Botswana held its first auctions for the right to hunt elephants since lifting a ban last year.
The country has some 130,000 elephants, the largest population in the world.
The government sold seven hunting licences on Friday, with each allowing hunters to kill 10 elephants in "controlled hunting areas".
Officials revoked a 2014 ban in May, saying human-elephant conflict and the negative impact on livelihoods was increasing.
The lifting of the ban has been popular with many in rural communities, but has been heavily criticised by conservationists.
How did the auctions work?
Seven packages of 10 elephants each were sold at the auction in the capital Gaborone on Friday afternoon, the BBC's Southern Africa correspondent Nomsa Maseko reports.
Only companies registered in Botswana were allowed to bid for the licences. Bidders put down a refundable deposit of 200,000 pula ($18,000; £14,000).
The government has issued a quota for the killing of 272 elephants in 2020.
The hunting would help areas most impacted by "human wildlife conflict", wildlife spokeswoman Alice Mmolawa told AFP news agency.
Why was the ban reversed?
Many rural communities believe a return to commercial hunting will help keep the elephant population away from their villages, and also bring in much-needed income in places not suitable for high-end tourism.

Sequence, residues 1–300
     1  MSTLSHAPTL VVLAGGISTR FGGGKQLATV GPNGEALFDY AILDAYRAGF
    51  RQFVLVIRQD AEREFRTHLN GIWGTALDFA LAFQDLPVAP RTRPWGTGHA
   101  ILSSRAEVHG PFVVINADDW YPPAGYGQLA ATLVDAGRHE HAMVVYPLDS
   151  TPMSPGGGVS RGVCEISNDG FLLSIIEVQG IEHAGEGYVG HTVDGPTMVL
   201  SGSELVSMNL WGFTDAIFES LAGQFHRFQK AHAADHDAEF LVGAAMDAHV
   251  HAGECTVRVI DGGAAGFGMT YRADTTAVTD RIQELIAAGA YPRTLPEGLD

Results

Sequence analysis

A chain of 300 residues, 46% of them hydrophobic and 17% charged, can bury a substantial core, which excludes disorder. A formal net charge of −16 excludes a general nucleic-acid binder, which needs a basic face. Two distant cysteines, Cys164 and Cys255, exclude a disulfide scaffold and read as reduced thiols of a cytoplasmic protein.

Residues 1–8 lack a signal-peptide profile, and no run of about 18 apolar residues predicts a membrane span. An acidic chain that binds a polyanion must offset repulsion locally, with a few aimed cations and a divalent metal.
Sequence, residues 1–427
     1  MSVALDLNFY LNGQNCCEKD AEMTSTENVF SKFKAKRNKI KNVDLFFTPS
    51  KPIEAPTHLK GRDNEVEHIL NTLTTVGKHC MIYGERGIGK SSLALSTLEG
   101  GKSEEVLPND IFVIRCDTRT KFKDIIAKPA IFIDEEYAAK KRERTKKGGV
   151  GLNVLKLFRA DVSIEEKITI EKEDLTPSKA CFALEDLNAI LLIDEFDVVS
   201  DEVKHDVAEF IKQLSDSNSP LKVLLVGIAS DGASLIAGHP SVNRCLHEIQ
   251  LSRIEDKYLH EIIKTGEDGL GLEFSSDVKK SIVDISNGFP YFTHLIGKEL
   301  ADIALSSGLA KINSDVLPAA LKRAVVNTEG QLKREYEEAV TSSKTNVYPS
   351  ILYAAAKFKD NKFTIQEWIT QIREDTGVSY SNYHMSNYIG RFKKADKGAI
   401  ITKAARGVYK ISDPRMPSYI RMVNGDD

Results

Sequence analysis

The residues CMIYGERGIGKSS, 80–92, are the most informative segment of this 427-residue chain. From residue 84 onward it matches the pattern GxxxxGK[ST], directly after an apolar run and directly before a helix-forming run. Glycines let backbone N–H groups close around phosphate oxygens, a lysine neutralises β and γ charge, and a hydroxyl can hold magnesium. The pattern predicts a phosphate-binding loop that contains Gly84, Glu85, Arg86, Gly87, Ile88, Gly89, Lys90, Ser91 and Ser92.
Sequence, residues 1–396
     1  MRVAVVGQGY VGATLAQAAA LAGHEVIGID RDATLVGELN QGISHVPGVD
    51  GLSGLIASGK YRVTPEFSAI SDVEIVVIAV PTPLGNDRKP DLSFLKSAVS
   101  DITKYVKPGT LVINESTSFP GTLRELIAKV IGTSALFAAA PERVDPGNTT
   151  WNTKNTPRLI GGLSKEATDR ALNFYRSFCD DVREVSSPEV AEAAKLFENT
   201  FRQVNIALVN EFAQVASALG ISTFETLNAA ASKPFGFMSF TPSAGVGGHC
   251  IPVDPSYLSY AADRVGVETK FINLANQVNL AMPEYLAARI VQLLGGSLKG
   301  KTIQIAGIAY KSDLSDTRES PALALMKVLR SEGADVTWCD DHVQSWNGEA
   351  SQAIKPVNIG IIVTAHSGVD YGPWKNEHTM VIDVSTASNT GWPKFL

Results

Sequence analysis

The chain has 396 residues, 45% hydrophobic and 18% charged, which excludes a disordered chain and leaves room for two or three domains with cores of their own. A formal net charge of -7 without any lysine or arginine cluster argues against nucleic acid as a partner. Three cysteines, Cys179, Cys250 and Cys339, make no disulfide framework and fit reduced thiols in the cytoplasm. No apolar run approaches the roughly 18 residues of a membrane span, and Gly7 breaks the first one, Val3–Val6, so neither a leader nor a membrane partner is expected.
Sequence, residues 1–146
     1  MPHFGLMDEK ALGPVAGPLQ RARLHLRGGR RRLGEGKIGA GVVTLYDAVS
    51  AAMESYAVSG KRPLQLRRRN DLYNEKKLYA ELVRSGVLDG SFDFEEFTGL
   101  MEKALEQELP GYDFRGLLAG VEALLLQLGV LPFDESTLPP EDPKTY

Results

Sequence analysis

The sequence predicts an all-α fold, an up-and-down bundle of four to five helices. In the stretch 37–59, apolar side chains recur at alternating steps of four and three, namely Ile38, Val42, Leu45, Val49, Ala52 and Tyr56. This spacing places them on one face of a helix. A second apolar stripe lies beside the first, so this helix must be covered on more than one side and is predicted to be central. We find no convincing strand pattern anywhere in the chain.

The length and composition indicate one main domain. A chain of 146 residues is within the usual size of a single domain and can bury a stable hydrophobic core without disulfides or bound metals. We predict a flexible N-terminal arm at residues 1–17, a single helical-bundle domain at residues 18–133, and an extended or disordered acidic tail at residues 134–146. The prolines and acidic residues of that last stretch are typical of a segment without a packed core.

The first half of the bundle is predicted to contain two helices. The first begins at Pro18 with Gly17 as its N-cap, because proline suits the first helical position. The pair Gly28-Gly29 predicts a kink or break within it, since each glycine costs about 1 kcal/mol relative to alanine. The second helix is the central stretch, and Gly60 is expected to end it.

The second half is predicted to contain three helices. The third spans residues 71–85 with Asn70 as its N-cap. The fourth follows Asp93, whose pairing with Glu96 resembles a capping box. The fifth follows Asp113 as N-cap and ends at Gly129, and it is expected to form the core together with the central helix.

But critics fear it could also drive away luxury-safari goers who are opposed to hunting.
Audrey Delsink, Africa's wildlife director for the global conservation lobby charity Humane Society International, called the auctions "deeply concerning and questionable".
"Hunting is not an effective long-term human-elephant mitigation tool or population control method," she told AFP.
Ross Harvey, an environmental economist in South Africa, told the BBC: "There is no scientific evidence to support the view of there being too many elephants.
"We know that Botswana's elephant numbers haven't actually increased over the last five years, we have a stable population. Elephants are critical to Botswana's ecology."
President Mokgweetsi Masisi's predecessor Ian Khama introduced the ban in 2014 to reverse a decline in the population of wild animals.